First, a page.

A tripartite summit was launched in the Iraqi capital, Baghdad, that brought together Iraqi Prime Minister Mustafa Al-Kazemi, Egyptian President Abdel Fattah El-Sisi and Jordanian King Abdullah II.

In a speech during the summit, the Egyptian president stressed the necessity of "strengthening cooperation, especially with the unacceptable regional interventions that seek to dominate and threaten Arab security."

Al-Sisi affirmed the continuation of work to establish the cease-fire between the Palestinian and Israeli sides, and stressed the necessity of the exit of foreign forces from Libya and the respect of the ceasefire.

Mustafa Al-Kazemi received Abdel Fattah Al-Sisi in Baghdad today (Reuters)

common format

The tripartite summit aims to complement what was discussed in previous meetings that brought together the leaders of the three countries, in order to formulate a joint coordination mechanism.

Earlier in the day, Sisi arrived in Baghdad, becoming the first Egyptian president to visit Iraq since Saddam Hussein's invasion of Kuwait in 1990.

The conflict led to the suspension of diplomatic relations between Iraq and Egypt, but they have improved in recent years, as many senior officials of the two countries exchanged visits.

This fourth round of talks aims to enhance security, economic, trade and investment cooperation between the three Arab countries.

In recent years, Iraq signed cooperation agreements in the energy, health and education sectors with Jordan and Egypt.

The Jordanian monarch arrived in Baghdad shortly after Sisi's arrival, and was also received by Iraqi Prime Minister Mustafa Al-Kadhimi and Iraqi President Barham Salih.

Al-Kazemi, Al-Sisi and King Abdullah held a summit last year in Amman, and another summit was scheduled to be held in Baghdad last April, but it was postponed due to a train accident in Egypt that left dozens dead and wounded.

A joint press conference of the foreign ministers of Iraq (center), Jordan (left) and Egypt (right) today after the start of the tripartite summit (Al-Jazeera)

Bilateral cooperation agreements

In February, Egypt signed 15 agreements and memoranda of understanding in various sectors, including oil, roads, housing, construction and trade, after the Iraqi Council of Ministers agreed in December to renew the contract to supply the Egyptian General Petroleum Corporation with a total of 12 million barrels of Basra Light crude for the year 2021.

The Egyptian presidency said in a statement that Sisi "confirmed Egypt's aspiration to develop bilateral cooperation with Iraq into a sustainable framework of economic integration and strategic cooperation, especially in light of the great challenges facing the region, as well as the economic and social crises caused by the Corona pandemic."

Iraq also plans to build a pipeline aimed at exporting one million barrels per day of Iraqi crude from the southern city of Basra to the Jordanian port of Aqaba on the Red Sea.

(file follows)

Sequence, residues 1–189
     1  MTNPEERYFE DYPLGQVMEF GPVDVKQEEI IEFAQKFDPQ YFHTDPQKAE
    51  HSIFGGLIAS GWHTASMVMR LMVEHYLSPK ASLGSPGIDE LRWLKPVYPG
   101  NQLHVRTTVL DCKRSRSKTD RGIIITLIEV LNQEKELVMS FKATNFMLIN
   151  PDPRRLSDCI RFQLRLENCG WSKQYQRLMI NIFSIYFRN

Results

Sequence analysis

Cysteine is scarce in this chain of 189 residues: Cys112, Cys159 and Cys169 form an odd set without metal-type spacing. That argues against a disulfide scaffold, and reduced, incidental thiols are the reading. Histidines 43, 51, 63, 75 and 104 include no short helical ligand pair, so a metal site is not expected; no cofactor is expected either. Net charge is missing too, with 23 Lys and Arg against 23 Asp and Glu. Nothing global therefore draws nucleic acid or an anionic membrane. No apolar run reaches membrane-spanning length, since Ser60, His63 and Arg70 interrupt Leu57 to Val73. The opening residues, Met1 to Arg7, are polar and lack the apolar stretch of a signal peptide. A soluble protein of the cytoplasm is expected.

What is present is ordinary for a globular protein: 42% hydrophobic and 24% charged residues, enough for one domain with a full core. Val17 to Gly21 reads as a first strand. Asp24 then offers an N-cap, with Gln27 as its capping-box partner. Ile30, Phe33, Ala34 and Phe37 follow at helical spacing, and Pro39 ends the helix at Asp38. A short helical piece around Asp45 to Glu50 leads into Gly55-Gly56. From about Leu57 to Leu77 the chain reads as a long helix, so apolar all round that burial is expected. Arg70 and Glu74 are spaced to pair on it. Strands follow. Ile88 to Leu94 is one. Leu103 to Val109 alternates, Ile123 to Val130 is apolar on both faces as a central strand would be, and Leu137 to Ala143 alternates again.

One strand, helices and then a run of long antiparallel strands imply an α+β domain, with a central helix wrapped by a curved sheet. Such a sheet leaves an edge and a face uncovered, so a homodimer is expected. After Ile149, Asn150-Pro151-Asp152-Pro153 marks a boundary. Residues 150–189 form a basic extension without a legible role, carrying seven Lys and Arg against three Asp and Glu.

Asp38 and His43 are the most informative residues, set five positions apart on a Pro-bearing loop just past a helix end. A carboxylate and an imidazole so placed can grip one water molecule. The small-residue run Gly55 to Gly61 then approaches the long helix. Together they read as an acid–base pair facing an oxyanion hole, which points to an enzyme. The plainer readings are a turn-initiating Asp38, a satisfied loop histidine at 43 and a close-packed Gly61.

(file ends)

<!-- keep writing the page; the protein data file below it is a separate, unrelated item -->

Following brief talks between Barham Salih and Abdel Fattah al-Sisi after the latter arrived at Baghdad International Airport, Saleh stressed the importance of "raising the level of coordination" between the three countries and "developing prospects for cooperation in the economy, trade, development, infrastructure projects, energy transfer and oil."

Saleh also discussed with the Jordanian monarch ways to resolve crises and reduce tensions in the region, especially in Syria, Libya and Yemen, "with the aim of moving towards prospects for a political solution through convergence and dialogue," according to a statement by the Iraqi presidency.

Barham Salih (right) receiving King Abdullah II upon his arrival in Baghdad (Reuters)

economy and security

The statement added that the two sides discussed "joint coordination to confront the challenges of terrorism and extremism, the health and economic repercussions of the Corona epidemic, and the climate change crisis, which is a common threat that threatens everyone."

In turn, Al-Kazemi welcomed, in a tweet, this summit, considering that it establishes a "future worthy of our peoples."

At a similar summit in Jordan in August 2020, the three parties stressed "the importance of strengthening cooperation in economic and vital fields, such as electrical interconnection, energy projects and the joint economic zone" between them.

After that summit, Al-Kazemi headed to Washington, where he met former US President Donald Trump, in a meeting that was considered a third round of "strategic dialogue" between the two countries, followed by a reduction in the number of US forces in Iraq from 5,200 to 2,500 by January 2021.

Cairo and Amman are allies of the United States in the Middle East, and therefore this summit is seen as an attempt to bring Iraq closer to Washington and achieve a balance in its relationship with it, amid increasingly complex differences between it and Iran, which supports armed factions in Iraq, especially the affiliated militias. in the Iraqi official forces.

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